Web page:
1982 Aero

aero-sliceThe process of manufacture was patented in 1935 by Rowntree’s.  Registration of the trademark and manufacture to market started soon after.

In 1935, Rowntree’s launched Aero into the UK, followed by the mint variation in the 1970s. Wrapping was brown (green in the mint version) and displayed the “Rowntree’s” script logo and the large word “AERO”, along with the slogan “Hold on tight or I’ll fly away!” below the “AERO” name. The words “Aerated Milk Chocolate” (“Aerated Milk-Mint Chocolate” for the mint version) were seen multiple times in the word “AERO.” In the 1970s, an advertisement was aired in which kids flying a kite thought the kite was an Aero bar. Then, brown and white bubbles would fly out of the imaginary bar to form the Aero wrapper. In 1988, Rowntree Mackintosh (as it then was, having merged with Mackintosh’s in the 1960s) was losing money and was sold to Swiss company Nestlé, who was already famous for its own Nesquik flavoured milkshakes and Milkybar white chocolate bars. Nestle continue to manufacture many former Rowntree bars and products, and until 1993 several chocolate products continued to use the Rowntree/Rowntree Mackintosh brand name. Since then only the sugar confectionery bears the old Rowntree name (Fruit Pastilles, Fruit Gums, and so on).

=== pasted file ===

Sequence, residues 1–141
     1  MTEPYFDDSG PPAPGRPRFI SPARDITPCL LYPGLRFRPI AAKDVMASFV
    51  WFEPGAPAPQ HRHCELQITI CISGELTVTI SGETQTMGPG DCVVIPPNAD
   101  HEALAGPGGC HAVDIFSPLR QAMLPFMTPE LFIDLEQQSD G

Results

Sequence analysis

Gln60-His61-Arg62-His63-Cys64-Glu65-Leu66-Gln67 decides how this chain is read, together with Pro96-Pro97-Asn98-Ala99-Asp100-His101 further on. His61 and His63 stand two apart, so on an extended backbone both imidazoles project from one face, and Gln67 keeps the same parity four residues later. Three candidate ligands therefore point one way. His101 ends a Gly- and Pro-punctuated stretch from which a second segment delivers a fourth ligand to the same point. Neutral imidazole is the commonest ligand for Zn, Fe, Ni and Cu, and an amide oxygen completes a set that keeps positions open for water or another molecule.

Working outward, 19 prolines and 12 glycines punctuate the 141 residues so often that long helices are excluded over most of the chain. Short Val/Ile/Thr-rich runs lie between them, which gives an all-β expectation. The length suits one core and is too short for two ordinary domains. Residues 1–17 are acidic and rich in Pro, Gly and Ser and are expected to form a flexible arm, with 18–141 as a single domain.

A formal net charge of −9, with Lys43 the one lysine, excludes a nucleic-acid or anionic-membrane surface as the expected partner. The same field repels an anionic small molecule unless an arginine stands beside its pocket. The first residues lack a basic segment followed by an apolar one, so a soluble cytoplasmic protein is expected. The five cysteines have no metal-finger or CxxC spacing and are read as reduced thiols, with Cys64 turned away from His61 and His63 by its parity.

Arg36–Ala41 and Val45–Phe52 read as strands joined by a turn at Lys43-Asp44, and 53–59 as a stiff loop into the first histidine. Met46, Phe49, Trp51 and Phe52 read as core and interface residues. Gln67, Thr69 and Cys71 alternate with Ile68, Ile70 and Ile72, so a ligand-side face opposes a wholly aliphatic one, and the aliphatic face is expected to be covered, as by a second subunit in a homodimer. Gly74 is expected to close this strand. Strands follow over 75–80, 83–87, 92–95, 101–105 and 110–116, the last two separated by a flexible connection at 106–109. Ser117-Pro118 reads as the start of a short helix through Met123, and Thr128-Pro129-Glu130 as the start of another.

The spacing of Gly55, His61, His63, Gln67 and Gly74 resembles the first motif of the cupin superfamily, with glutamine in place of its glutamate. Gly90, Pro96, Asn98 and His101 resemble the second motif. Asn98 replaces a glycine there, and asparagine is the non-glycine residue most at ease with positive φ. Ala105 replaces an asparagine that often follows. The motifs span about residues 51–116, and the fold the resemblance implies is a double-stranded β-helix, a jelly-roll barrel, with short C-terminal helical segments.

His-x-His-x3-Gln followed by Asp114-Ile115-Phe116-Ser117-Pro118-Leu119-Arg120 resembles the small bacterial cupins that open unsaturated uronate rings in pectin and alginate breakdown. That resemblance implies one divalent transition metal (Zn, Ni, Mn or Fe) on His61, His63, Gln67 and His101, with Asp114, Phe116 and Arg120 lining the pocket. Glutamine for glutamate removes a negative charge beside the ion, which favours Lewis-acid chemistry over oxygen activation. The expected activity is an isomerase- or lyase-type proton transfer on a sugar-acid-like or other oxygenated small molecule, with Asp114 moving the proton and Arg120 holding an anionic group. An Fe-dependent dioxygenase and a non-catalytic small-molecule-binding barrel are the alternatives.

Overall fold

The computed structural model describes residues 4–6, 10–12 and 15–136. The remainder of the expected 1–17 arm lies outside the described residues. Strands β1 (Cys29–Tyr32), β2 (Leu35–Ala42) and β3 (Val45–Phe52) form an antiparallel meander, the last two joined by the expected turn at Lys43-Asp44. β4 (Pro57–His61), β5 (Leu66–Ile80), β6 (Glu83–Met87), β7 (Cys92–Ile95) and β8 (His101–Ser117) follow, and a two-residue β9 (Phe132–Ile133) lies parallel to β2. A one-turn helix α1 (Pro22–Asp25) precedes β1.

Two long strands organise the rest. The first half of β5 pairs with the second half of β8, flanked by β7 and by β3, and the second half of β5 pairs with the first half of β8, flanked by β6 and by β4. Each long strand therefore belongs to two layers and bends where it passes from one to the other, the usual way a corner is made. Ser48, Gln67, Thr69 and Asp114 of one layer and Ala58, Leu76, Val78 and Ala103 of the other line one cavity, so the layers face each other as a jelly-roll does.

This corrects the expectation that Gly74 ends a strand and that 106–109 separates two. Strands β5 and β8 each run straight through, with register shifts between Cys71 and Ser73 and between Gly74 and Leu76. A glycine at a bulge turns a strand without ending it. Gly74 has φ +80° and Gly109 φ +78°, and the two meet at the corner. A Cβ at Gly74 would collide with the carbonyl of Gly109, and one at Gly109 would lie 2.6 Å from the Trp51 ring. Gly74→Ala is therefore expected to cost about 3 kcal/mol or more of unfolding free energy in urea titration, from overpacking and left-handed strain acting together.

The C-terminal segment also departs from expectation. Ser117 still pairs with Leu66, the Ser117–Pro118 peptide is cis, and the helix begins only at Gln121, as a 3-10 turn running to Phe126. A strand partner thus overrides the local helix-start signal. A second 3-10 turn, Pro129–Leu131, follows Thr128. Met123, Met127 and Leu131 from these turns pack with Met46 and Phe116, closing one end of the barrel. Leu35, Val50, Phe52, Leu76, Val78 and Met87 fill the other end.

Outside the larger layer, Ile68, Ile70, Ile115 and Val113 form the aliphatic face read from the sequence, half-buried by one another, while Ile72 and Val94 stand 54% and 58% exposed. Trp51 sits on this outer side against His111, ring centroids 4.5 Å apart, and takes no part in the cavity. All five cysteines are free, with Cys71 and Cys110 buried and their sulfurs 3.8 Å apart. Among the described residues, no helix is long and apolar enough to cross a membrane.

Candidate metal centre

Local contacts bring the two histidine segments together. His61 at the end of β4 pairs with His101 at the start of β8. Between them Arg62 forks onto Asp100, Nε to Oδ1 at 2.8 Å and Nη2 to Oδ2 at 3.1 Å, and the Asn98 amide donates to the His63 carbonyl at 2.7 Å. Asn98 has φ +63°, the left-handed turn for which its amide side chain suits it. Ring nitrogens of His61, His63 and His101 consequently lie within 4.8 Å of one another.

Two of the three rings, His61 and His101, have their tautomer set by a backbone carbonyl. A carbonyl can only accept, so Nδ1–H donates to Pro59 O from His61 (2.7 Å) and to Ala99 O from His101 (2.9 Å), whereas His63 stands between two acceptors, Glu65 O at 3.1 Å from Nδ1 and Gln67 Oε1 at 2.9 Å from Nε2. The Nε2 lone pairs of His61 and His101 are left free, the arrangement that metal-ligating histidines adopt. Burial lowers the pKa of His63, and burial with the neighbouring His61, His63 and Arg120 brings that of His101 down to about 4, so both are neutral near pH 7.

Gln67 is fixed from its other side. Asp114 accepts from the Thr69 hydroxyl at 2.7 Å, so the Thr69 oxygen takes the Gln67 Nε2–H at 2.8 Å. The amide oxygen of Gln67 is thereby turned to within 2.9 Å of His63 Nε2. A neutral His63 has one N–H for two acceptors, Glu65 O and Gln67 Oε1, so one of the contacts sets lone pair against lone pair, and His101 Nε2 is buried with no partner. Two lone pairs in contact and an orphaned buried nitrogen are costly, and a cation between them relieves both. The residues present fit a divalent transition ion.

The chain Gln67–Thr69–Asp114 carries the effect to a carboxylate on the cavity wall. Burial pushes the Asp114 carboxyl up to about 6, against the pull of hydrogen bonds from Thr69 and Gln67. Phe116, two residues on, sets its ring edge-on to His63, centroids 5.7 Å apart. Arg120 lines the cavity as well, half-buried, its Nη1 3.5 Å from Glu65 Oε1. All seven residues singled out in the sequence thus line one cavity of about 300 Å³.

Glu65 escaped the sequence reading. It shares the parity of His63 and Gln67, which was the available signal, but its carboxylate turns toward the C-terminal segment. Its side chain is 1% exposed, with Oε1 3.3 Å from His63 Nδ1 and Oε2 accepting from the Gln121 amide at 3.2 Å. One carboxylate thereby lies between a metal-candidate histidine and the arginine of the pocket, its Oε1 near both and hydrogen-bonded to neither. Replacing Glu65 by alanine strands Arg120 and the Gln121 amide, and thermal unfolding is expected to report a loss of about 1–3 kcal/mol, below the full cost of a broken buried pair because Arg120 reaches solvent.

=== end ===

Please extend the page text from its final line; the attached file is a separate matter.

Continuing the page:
Info gleaned from Wikipedia

1980s Kit Kat Dancing Pandas

KitKatUse of the name “Kit Kat” or “Kit Cat” for a type of food goes back to the 18th Century, when mutton pies known as a Kit-Kat were served at meetings of the political Kit-Cat Club in London.

The origins of what is now known as the “Kit Kat” brand go back to 1911, when Rowntree’s, a confectionery company based in York in the United Kingdom, trademarked the terms “Kit Cat” and “Kit Kat”. Although the terms were not immediately utilised, the first conception of the Kit Kat appeared in the 1920s, when Rowntree launched a brand of boxed chocolates entitled “Kit Cat”. This continued into the 1930s, when Rowntree’s shifted focus and production onto its “Black Magic” and “Dairy Box” brands. With the promotion of alternative products the “Kit Cat” brand decreased and was eventually discontinued.   The original four-finger bar was developed after a worker at Rowntree’s York Factory put a suggestion in a recommendation box for a snack that “a man could take to work in his pack”.[3] The bar launched on 29 August 1935, under the title of “Rowntree’s Chocolate Crisp” (priced at 2d), and was sold in London and throughout Southern England.

Info gleaned from Wikipedia